Jermaine Reid held the chip lead at one point early in the final table of the 2021 World Series of Poker $1,500 stud eight-or-better event, but found himself on the brink of elimination during four-handed play. Reid was so short that he told PokerNews live reporters that he had texted his girlfriend saying that he was likely heading home soon. Reid was able to turn it around and battle his way back into contention and eventually came all the way back to secure the title for his first WSOP bracelet and the top prize of $113,459.
This was by far the largest tournament score of Reid’s career, as the New York native largely focuses on playing cash games in Atlantic City. In addition to the title and the money, he also earned 600 Card Player Player of the Year points for the win.
Reid entered the final day of this event in seventh place among the remaining 13 players, five of whom were already bracelet winners including four-time WSOP champion John Monnette. Reid was still in seventh position by the time the unofficial final table of nine was set. He added to his stack by knocking out Joe Ranciato in ninth place ($7,900). Bracelet winner and 2010 main event runner-up John Racener was the next to fall, being scooped by the low two pair of fellow bracelet winner Espen Sandvik to finish eighth for $10,095.
Despite scoring that knockout, Sandvik followed Racener to the rail (7th – $13,202). Bracelet winner Carol Fuchs was scooped by the 7-4 low and pair of queens of Peder Berge in her final hand. The 2015 $1,500 dealer’s choice champion earned $17,658 for her latest deep run at the series.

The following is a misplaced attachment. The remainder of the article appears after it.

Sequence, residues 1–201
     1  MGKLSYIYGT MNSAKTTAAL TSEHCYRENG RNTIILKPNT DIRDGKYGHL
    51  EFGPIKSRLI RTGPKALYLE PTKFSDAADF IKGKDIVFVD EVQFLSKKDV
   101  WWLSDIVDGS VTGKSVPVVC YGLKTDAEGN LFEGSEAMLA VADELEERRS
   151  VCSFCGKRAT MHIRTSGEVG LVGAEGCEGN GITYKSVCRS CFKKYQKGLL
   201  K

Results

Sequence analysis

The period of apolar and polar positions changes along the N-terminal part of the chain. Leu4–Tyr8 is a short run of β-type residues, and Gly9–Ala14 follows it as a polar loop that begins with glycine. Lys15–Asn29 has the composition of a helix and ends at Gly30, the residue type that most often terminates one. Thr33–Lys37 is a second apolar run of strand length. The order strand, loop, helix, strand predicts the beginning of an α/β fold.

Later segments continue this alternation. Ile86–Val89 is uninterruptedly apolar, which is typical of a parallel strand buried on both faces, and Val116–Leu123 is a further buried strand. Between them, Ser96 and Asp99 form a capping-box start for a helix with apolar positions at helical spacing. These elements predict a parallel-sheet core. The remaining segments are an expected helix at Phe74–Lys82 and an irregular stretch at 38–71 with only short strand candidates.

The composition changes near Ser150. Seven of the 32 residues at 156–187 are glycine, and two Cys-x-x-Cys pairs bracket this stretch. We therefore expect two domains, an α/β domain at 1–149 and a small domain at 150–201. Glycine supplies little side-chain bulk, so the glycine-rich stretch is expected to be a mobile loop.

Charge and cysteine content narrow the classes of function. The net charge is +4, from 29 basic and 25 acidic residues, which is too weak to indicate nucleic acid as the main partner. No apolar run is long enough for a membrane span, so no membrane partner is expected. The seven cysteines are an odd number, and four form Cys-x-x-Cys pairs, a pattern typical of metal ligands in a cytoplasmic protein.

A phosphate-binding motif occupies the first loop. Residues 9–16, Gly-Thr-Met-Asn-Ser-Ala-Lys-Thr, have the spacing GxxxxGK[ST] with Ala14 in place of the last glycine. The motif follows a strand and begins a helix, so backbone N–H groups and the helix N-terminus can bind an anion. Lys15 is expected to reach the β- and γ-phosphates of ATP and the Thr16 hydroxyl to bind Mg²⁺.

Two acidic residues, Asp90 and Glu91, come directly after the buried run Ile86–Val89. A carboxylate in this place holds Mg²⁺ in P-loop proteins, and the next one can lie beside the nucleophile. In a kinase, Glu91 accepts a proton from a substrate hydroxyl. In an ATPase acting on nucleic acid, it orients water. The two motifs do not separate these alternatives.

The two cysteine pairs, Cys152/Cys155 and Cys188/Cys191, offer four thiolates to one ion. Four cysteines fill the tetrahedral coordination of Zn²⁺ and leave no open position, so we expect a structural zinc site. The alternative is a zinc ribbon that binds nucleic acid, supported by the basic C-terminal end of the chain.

Esther Taylor lost the majority of her stack in a hand that ended in controversy. Her final card was flipped up accidentally, with the 3 being revealed after the card was pitched into her chip stack. Her opponent, John Monnette, reportedly argued that the rules would state that the card, the 3, should be shuffled back into the deck. The floorperson agreed and ruled as such. Taylor ended up with a pair of sevens and a missed low draw, which was scooped by the two pair of Monnette. She finished fifth shortly after that, earning $24,145.
Monnette later lost a huge pot to the ace-high flush of Berge, having apparently started the hand with rolled up sixes. He soon was all-in and was unable to beat the aces up of Berge. Monnette, who won his fourth bracelet earlier this year in the $10,000 limit hold’em championship, earned $33,734 for his latest final-table showing at the series.
Berge held the lead for much of three-handed action, but Reid fought his way to the top just before the field was narrowed to two. John Hoang’s run in this event came to an end when his rolled-up fours were beaten by a rivered full house for Berge. Hoang earned $48,138 as the third-place finisher.
With that Berge took 5,100,000into heads-up play with Reid, who sat with 4,200,000. The two battled it out for another hour and a half, with some lead changes along the way. By the time the final hand was dealt, Reid had more than a 5:1 chip advantage. The last hand saw Reid make a six-high straight to scoop the pot, beating Berge’s queens and deuces to lock up the entire pot and the title. Berge was awarded $70,126 as the runner-up finisher.
Here is a look at the payouts and POY points awarded at the final table:
Winner photo credit: WSOP / Rachel Kay Miller.